Unmanned Surface/Subsurface Team a Force Multiplier for Seabed Warfare

The DriX
The DriX Unmanned Surface Vehicle (USV) from iXblue.

On Thursday 15 September, the DriX Unmanned Surface Vehicle (USV) from iXblue and the ECA Group’s A18D Autonomous Underwater Vehicle (AUV) were demonstrated to naval defence media during a pre-Euronaval visit to La Ciotat in southern France.

With seabed warfare and asset protection an increasing concern for naval forces, the two unmanned systems demonstrated that when operating together they could act as a naval force multiplier to investigate the seabed at up to a maximum depth of 6,000 metres, with missions such as undersea cable and pipeline examination.

The DriX, although similar in shape to a submersible, remains on the surface while the A18D conducts the underwater mission. Communication between the two unmanned craft is maintained using IXblue’s Gaps acoustic subsea positioning system which is located in a submerged casing underneath the AUV. The A18D collects data through onboard systems such as an interferometric SAS sonar. The DriX can act as a communication relay between the A18D via satellite/4G through to the command centre wherever it is located, transmitting back data without the AUV having to surface.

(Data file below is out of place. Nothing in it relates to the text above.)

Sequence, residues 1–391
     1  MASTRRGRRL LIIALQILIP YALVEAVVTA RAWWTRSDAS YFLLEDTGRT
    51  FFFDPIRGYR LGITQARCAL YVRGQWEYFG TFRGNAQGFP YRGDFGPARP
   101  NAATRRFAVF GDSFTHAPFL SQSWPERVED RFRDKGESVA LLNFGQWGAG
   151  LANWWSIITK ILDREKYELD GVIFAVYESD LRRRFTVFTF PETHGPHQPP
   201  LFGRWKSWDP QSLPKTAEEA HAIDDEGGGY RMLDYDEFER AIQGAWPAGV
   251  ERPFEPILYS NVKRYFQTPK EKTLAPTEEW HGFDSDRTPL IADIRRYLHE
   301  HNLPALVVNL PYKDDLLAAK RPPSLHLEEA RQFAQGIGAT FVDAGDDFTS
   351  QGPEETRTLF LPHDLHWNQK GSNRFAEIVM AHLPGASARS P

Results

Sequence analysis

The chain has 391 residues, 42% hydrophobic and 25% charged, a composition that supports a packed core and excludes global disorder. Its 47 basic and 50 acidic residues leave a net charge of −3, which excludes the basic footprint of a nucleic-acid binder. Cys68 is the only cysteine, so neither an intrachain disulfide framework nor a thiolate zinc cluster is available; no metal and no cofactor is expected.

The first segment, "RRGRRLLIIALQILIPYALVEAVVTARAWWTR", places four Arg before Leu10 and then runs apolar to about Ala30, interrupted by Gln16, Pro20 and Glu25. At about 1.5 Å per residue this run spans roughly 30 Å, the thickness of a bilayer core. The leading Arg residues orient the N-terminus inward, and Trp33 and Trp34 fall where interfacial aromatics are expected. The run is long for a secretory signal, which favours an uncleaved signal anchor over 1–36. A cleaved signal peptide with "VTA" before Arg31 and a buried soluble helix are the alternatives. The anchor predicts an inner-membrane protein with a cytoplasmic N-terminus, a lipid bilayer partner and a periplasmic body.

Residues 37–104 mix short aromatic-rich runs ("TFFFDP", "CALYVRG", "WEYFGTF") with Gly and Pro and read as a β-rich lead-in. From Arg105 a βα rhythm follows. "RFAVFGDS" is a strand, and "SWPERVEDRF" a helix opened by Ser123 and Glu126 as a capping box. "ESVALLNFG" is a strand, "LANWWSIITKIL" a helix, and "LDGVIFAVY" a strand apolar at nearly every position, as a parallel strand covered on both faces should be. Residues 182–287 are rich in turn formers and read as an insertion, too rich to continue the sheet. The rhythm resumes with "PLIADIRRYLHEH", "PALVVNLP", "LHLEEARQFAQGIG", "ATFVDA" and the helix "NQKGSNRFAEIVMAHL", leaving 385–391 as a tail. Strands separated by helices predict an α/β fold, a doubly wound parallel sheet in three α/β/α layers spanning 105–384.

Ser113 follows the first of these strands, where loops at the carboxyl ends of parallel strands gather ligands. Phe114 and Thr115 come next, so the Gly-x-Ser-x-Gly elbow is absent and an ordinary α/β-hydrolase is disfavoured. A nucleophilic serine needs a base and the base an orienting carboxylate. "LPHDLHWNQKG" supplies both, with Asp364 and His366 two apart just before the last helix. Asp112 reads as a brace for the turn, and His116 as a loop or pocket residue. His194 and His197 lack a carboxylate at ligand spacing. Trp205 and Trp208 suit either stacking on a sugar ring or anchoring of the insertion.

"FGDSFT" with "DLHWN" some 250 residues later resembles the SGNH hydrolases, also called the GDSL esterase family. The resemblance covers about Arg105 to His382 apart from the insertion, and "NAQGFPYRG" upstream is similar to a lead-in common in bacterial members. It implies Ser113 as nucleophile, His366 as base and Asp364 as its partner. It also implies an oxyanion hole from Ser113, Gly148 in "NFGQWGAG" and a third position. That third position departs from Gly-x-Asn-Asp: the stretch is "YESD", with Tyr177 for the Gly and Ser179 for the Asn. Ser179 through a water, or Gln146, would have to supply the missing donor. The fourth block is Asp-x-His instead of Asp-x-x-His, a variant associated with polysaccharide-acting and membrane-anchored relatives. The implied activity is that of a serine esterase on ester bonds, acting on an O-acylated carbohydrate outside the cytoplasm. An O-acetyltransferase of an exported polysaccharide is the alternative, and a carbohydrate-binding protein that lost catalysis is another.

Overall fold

ECA Group’s A18D
ECA Group’s A18D Autonomous Underwater Vehicle (AUV)

The DriX can also operate with multiple AUVs at the same time. For military operators, it can work remotely from a carrier vessel and its low radar signature makes it difficult to detect. The AUV remains mostly underwater even when surfaced.

In 2021 the A18D was evaluated by the French Directorate General of Armaments (DGA), the French Navy and the Naval Hydrographic and Oceanographic Service (Shom), performing missions up to a depth of 3,000m.

The DriX is now a mature system and at least 20 have been produced and are operational around the world conducting a variety of missions.

by Andrew Drwiega